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It is important to understand the meaning of each term, which are Safety Culture and Safety Management System (SMS) before proceed to any further discussion.
Safety Culture is one of the important factors that contribute to the overall safety awareness in an aviation industry.
This term was first come up after the Chernobyl nuclear power accident in Ukraine. It was mentioned by the International Nuclear Safety Advisory Group (INSAG) in their summary report regarding this accident (INSAG, 2002). The report explained how the organisational behaviour and operator violations that have lead to this disastrous phenomenon.
Since then, there are several 'high profile' accidents with regards to aviation industry that directly related to the poor safety culture. For examples:
The disasters of the Space Shuttles Challenger (1986).
The Überlingen Mid-Air Collision (2002).
The disasters of the Space Shuttles Columbia (2003).
There are many definitions that could describe the safety culture. However, according to International Civil Aviation Organisation (ICAO) Human Factor Digest 10, safety culture is:
'A set of beliefs, norms, attitudes, roles and social and technical practices with minimising exposure of employees, managers, customers, and members of the general public to conditions considered dangerous or hazardous.'
Safety culture can simply be described as 'the way safety is done around here - emphasising that it is concerned with the realities of safety, and not necessarily what people say should be done'(Eurocontrol, 2007).
From the statements above, safety culture might have been achieved when all people in that aviation organisation are fully concern, aware and reflect the importance of safety. Additionally, in my personal perspective, the words 'reflect' must be nurtured until it is naturally born from one's heart and not by force from others. It also could be best described as the 'safety heedfulness' of the person itself.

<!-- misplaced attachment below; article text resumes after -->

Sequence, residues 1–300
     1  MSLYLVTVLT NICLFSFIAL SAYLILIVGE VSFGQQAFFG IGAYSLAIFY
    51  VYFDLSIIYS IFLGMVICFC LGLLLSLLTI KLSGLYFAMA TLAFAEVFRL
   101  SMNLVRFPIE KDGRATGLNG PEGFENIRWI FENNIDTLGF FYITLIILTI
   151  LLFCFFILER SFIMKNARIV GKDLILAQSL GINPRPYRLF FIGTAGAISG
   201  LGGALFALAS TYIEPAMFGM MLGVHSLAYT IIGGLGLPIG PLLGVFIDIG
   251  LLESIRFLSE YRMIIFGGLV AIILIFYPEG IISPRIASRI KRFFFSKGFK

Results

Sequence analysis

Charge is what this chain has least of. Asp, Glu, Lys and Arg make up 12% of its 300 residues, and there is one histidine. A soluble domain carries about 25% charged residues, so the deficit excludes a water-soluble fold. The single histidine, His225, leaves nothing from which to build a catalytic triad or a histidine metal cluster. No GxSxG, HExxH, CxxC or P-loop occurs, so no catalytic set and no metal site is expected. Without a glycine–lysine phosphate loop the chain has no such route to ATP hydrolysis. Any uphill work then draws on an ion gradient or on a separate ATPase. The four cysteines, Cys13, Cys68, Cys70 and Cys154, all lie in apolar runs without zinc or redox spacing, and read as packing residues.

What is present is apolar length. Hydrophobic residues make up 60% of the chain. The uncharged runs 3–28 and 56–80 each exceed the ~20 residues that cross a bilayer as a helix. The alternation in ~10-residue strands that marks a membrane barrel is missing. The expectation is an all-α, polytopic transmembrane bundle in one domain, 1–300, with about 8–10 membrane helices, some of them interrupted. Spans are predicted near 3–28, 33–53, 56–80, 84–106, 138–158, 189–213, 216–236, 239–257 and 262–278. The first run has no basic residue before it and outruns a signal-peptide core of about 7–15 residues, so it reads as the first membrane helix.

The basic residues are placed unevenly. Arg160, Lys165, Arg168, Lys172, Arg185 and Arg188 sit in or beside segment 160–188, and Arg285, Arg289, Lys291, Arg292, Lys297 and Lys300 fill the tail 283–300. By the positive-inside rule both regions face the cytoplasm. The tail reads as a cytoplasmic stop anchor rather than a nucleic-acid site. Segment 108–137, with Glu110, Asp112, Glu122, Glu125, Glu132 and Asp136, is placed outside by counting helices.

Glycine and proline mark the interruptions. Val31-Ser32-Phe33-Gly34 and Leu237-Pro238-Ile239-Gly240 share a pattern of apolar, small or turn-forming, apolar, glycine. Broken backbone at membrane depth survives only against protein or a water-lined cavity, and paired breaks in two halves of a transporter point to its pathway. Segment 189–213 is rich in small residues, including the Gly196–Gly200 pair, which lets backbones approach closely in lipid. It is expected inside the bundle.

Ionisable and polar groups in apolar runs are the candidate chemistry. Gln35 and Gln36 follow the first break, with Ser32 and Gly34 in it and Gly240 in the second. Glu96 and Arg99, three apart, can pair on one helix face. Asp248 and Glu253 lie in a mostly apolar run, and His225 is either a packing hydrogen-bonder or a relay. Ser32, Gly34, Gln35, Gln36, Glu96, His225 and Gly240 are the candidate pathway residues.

SAFETY MANAGEMENT SYSTEMS (SMS)
Safety Management System is yet another important factor that contributes to the overall safety awareness in an aviation industry. It is actually a professional approach to safety. It has a systematic, precise, and completely covers all the process for managing safety risks.
When talked about 'management', in this case, Safety Management System is just like any other managerial approach with the same layout such as goal setting, planning, and also measuring performance. Having all of these features, it is more focused into safety system, policies, and the outlined method in dealing with safety risk. By providing information with regards to safety, perhaps the aviation organisation could implement and reflect this system thus, make it competence and capable in their operation while upholding the highest level of operational safety.
Safety Management System usually can be found throughout overall aviation organisation. All employees regardless of their position have no privileged in avoiding safety. Safety management activity is not limited to just one specific task in the organisation. In each and every task they did, all of the employees must contribute and practice their 'way of doing the job' in accordance with safety management system. For larger airlines organisation, safety management activity will be obviously noticeable in 'engineering floor' (engineering department) compared with other departments such as financial department or human resource department. In order to ensure the consistency of this system, there must be well designed procedures regarding the safety policy. The system can be established by the implementation and continuous support from the upper management level.
However, from another perspective, Safety Management System is not a standalone system. It cannot be successfully achieved by itself. For example, each time when there is a new idea is being introduced to the employees, they will of course tend to resist that. It is normal as all human being does not like to change. That is why having only a good idea does not guarantee the success of Safety Management System. On the other hand, even a well- planned system or ideas have failed in practice because some of the critical elements such as commitment, cognizance, or competence were missing (Transport Canada, 2010).
Commitment: In the face of operational and commercial pressures do company leaders have the will to make safety management tools work effectively?